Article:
Anna Rydell returns home to her sister (and best friend) Alex after a stint in a mental hospital, though her recovery is jeopardized thanks to her cruel stepmother, aloof father, and the presence of a ghost in their home.
Eight unsuspecting high school seniors at a posh boarding school, who delight themselves on playing games of lies, come face-to-face with terror and learn that nobody believes a liar - even when they're telling the truth.
Marion Crane steals a lot of cash from a man whom her boss is in business with. On the way to see her boyfriend, she stops off by an old motel, run by the odd Norman Bates. She is murdered in the shower. Her sister, boyfriend, and a private investigator try to find out where she is, while we learn more about Norman Bates. Written by
Jordan Sharp <email@example.com>
The opening scene is supposed to be 2:48 in the afternoon, but it's quite obvious that it was filmed at sunrise, probably on a Saturday or Sunday morning. There is no street activity, and the light from the right (east) is very weak and nearly horizontal. If it had been shot in mid-afternoon the sun would have been higher, the light stronger, and shadows pronounced and angled. See more »
Samuel 'Sam' Loomis:
You never did eat your lunch, did you?
I better get back to the office. These extended lunch hours give my boss excess acid.
Samuel 'Sam' Loomis:
Why don't you call your boss and tell him you're taking the rest of the afternoon off? Its Friday, anyway - and hot.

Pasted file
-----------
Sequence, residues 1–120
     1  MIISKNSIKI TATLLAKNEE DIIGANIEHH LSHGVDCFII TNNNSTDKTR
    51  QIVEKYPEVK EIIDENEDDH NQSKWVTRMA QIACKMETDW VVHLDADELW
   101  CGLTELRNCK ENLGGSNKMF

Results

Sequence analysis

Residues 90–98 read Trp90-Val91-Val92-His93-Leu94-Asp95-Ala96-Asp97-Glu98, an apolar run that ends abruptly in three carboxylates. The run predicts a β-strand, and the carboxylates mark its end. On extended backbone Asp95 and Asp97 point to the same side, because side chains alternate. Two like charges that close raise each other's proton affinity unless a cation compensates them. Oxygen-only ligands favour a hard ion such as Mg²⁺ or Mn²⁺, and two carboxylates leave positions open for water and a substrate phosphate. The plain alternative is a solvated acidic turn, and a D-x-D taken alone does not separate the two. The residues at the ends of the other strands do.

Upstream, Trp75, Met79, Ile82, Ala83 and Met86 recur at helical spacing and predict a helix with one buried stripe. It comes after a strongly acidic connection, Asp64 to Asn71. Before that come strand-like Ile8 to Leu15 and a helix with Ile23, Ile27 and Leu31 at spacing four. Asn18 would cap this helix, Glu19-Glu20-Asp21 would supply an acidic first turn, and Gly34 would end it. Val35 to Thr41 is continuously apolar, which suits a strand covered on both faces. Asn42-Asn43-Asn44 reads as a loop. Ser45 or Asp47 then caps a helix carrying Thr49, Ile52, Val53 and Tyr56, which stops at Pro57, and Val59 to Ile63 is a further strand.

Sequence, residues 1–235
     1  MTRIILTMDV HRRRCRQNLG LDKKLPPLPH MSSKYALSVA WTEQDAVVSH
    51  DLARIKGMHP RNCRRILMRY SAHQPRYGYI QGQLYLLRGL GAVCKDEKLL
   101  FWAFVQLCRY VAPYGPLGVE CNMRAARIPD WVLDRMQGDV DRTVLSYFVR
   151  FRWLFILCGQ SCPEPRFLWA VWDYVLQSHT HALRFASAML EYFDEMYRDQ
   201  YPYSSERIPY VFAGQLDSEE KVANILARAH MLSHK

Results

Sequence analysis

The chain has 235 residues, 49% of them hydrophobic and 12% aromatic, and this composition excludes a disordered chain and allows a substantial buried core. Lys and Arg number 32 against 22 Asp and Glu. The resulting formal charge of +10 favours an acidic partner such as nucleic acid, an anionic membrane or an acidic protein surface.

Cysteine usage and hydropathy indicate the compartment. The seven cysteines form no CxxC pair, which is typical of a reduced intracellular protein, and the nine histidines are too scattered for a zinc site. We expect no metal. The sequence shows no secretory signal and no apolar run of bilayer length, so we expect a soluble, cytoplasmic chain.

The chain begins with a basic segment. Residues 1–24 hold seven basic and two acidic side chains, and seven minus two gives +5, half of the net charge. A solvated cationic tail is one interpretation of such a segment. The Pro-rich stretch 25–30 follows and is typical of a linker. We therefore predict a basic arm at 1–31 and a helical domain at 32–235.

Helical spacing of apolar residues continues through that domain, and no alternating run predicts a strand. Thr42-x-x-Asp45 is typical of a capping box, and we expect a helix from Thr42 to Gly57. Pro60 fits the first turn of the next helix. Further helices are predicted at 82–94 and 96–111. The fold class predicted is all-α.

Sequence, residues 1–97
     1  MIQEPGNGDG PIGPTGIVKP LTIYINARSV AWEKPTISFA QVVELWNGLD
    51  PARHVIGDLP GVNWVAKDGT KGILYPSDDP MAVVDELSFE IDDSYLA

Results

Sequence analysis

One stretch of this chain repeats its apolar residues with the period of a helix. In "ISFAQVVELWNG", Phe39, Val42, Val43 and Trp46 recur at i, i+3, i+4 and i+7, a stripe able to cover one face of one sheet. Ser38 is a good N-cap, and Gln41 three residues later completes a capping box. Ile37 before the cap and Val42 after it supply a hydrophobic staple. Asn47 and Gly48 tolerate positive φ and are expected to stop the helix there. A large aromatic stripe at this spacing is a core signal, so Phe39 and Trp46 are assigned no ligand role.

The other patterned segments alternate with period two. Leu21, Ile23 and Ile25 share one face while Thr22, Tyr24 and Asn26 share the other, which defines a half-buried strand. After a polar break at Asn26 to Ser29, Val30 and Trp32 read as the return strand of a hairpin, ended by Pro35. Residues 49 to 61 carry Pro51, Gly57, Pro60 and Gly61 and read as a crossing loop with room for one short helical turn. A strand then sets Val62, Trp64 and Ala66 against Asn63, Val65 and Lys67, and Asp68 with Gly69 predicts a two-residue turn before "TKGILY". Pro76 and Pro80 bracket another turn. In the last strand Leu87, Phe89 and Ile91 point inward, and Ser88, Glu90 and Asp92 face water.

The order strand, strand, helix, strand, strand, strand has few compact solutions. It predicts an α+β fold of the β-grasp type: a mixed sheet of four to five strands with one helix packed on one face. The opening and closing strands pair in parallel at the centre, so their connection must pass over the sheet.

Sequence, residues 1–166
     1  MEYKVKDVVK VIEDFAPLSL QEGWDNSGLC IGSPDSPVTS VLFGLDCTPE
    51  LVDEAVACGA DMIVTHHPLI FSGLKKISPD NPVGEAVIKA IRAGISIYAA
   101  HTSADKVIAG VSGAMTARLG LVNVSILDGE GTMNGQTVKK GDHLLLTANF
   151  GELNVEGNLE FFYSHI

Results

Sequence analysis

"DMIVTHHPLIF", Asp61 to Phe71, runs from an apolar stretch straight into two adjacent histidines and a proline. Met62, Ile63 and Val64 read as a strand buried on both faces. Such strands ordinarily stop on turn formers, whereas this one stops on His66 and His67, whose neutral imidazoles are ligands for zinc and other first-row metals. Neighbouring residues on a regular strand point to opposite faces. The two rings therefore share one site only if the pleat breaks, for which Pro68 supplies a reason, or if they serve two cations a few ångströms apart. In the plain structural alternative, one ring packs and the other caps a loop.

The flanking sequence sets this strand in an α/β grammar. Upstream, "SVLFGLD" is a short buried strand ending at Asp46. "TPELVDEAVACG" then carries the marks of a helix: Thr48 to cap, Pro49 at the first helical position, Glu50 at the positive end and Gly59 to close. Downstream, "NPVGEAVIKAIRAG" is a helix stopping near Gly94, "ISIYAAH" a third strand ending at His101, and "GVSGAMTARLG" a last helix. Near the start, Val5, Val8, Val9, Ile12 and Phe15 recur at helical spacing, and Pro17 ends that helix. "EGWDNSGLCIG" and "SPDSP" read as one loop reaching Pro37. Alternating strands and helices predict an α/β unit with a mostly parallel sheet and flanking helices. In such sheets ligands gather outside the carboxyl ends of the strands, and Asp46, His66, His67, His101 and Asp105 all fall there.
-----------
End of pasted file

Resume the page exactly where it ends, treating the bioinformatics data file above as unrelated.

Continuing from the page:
What do I do with my free afternoon? Walk you to the airport?
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Some of the opening credits split apart, just as the original's did. They segue into the opening shot of Phoenix, Arizona. See more »
Hitchcock's original classic benefited tremendously not only from the performance of, but also the 'look' of Anthony Perkins. He projected a kind of clean-cut innocence: a young teen-idol type of persona. He was not an actor who had portrayed baddies before this; nor was he physically suited to the role of what the public might have imagined a psychopath to look like, especially in the 50's when this ultra-chilling aspect of mental illness (split personality psychosis) was relatively unexplored in film. Which is exactly why the casting of him as Norman Bates was a slice of true Hitchcockian genius. Audiences were taken by surprise to put it mildly.
That's why this re-make does not work, even a little bit, in spite of trying to be an exact copy. Whereas Anthony Perkins looked like someone you would never think of as being a serial killer, Vince Vaughn is easily imaginable as one. He lacks the frail look of Perkins and his acting chops are clearly inferior as well, at least in this role (honestly - has there ever been an actor who could convey nervousness as genuinely as Anthony Perkins?). While it was a pointless re-make to begin with, the miscasting of the story's most important character sucks this film down completely.
As a side note, I feel that Hollywood's propensity for re-making great movies because 'young' people refuse to watch anything that's not filmed in color not only stinks to high heaven of corporate greed but is exceptionally disrespectful to the original work. As for viewers who can't watch black and white - it's their loss. Hopefully they'll mature sometime in the future and no longer require shiny colours to hold their attention. When they do they'll discover that sometimes black and white works far better. With the background muted, the story and performances are that much more front and center. And in many cases the mood or atmosphere created through black and white cinematography is just not attainable in colour.
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